In the mid-'70s the Dia Foundation, underwritten by Houston oil heiress Philippa de Menil Friedrich and her husband Heiner Friedrich, a former art dealer from Germany, began funding artists working outside conventional gallery settings (Walter De Maria's Lightning Field near Pie Town, New Mexico, is one of their better-known projects) and purchased the 340-acre Fort D.A. Russell, which is south of town, to permanently exhibit works by Judd and his friends. But in the mid-'80s Dia cut off funding due to slumping oil prices. Judd threatened to sue for breach of contract, eventually settling out of court. He got the fort and the artwork, and reorganized them as the Chinati Foundation, which officially opened in 1986.

Marianne Stockebrand too was struck by the landscapes and all the space when she first laid eyes on Marfa, in 1989; she was in the company of Donald Judd. "Coming from Europe, I was surprised by how far you could drive without seeing another car. The distances were startling." She was putting together a show of Judd's furniture and architecture projects for the Kšlnischer Kunstverein and was editing previously published essays for a book on his architecture when their relationship became more than professional. Judd was as drawn to the brown-eyed woman with the prominent, finely sculpted cheekbones as she was to him.

"He had a place in Cologne and opened a studio there," recalls Stockebrand. "And he asked me to come here and work at Chinati. When he was diagnosed, that didn't happen. "The two did, however, talk of marriage as Judd lay dying in a New York hospital.

When Stockebrand became its director, the Chinati Foundation had less than $500 in the bank. Since then, she has built a $2 million endowment, with a long-term target of $14 million to finish what Judd intended: preparing his concrete buildings to exhibit a large amount of his artwork currently in storage, creating a permanent installation for John Wesley's paintings, and documenting the site's military history.

But Stockebrand didn't just have to learn how to run a struggling foundation; she had to learn Marfa. "When she first came here, English was clearly her second language," one acquaintance recalls. "She was frosty in a Germanic way-very, very rigid. You'd never see her out in the community But the years have softened her. She shows up at parties. She attends events. She's much more integrated. Don Judd was a daunting figure. She can be that too. I wouldn't want to cross her."

Stockebrand lives in the heart of Juddville, between the old bank and old Safeway buildings Judd bought, and across the street from the Marfa Wool and Mohair building, where John Chamberlain's car wreck metal sculptures are exhibited. "She's the only person I've encountered who can live that minimalist lifestyle," a friend says, describing the small, Spartan residence, a block from the main drag, that Stockebrand shares with her two cats. No art or sentimental photographs adorn the walls, and furnishings are sparse, dominated by a Donald Judd desk.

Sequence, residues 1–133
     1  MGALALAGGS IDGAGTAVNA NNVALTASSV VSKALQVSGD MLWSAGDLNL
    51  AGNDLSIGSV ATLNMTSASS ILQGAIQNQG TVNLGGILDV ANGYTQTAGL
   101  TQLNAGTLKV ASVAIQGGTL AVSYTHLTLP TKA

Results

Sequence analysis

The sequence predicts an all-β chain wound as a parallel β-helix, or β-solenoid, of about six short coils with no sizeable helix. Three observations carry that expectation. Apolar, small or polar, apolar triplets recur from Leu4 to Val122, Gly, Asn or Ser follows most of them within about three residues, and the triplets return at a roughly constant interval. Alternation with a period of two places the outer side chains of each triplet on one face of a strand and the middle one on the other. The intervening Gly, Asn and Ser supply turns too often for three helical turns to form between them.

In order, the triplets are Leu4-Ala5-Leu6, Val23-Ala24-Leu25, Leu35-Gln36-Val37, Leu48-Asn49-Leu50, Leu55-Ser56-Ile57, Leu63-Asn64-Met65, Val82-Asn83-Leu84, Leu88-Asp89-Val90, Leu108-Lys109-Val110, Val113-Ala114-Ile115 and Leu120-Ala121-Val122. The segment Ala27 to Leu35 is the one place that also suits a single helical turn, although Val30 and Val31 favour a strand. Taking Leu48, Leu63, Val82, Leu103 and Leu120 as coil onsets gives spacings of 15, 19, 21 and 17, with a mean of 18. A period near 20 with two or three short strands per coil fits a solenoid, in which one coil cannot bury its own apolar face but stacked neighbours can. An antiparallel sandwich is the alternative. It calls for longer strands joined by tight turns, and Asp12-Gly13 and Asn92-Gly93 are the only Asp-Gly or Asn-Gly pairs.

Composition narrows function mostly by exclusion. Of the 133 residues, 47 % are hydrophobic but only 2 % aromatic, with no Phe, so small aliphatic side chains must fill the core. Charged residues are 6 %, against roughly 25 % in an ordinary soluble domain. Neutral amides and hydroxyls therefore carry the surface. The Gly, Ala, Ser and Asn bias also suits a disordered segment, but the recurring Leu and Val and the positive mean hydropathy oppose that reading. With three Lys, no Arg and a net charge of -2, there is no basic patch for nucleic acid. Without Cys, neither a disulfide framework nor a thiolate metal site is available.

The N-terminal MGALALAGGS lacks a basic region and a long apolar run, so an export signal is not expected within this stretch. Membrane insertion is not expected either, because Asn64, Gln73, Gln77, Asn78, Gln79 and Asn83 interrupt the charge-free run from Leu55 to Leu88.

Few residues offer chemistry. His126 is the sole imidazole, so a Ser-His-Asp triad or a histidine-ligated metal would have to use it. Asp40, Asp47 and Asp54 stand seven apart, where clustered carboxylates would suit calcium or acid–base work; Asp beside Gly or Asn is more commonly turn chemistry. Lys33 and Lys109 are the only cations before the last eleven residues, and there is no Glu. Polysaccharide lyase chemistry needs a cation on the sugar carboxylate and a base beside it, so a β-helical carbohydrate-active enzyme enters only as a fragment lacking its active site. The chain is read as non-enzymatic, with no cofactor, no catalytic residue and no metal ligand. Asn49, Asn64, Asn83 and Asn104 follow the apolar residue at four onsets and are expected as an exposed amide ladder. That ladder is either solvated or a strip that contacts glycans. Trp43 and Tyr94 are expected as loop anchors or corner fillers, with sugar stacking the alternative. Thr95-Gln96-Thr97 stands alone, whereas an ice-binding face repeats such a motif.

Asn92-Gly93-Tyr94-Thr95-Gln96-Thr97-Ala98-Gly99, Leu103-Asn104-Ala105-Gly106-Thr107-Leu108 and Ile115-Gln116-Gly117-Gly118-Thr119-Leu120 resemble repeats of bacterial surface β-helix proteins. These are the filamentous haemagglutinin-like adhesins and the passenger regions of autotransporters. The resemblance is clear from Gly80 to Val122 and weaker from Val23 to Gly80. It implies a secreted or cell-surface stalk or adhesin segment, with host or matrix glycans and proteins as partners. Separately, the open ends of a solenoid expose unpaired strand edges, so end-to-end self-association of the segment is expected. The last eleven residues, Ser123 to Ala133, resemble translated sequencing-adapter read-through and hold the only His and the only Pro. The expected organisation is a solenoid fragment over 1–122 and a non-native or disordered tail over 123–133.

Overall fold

She's a regular at the bookstore, she lunches at the coffee shop, and sometimes she shows up at art functions, but otherwise Stockebrand sticks to Chinati affairs, in Marfa and around the world. She clearly enjoys living in a place where she can be left alone. And yet she's also palpably happy about the way the Chinati has revitalized the community: "I wouldn't want to see this as an artists' colony in a kitschy sort of way-one souvenir shop next to another-but I think it's very nice to be able to buy olive oil here and have it on a salad with lettuce that wasn't wilted last week, as it used to be."

But while she has acclimated herself to Marfa, and the financial situation at the Chinati has improved, Stockebrand remains embroiled in the wrapping up of the estate, which has pitted her against the Judd kids. She believes the Chinati Foundation and the Judd Foundation should be managed as a single entity. "From the artistic point of view, they should be done together," she contends. "It's all Judd's work. It's this tiny town in Texas. Cohesion in planning and fund-raising makes sense." Such a merger, of course, would also bolster the Chinati's financial footing by eliminating competition for funding and allowing the combined foundation to sell off portions of the Judd estate when and if the public works project is threatened.

"Everything doesn't have to merge together like some great corporation," counters Rainer Judd. "Marianne doesn't want this [print] building here to exist. She believes it's not a permanent installation, and therefore isn't valid. It's a permanent exhibit. What's wrong with that? That's what he wanted. They've tried to get us to sell Spring Street before it's transferred to the Judd Foundation. But we can't bend [on that]. We're Judd's kids. We're the spine."

Richard Schlagman, owner of the art book publishing company Phaidon Press and president of the Judd Foundation, backs the kids up. "We absolutely don't want to sell Spring Street," Schlagman says. "Not at all. Ever. In my view it wasn't an actual desire to sell it on Marianne's part but a lack of seeing that it could be saved. I'm sure we can have both Maria and Spring Street."

Flavin Judd lays his cards on the table over breakfast burritos and green chile huevos rancheros at Carmen's Cafe (TIE YOUR HORSE AND COME ON IN, reads the sign out front), while his wife Michele nurses and fusses with their one-year-old son, Pascal. Flavin makes it clear that neither he nor his sister asked for the job of executor, and they sure as hell didn't know they'd have all the debt to clear up. "It's a lousy situation: all these vultures hovering, all these people pretending to care about the art and about Don."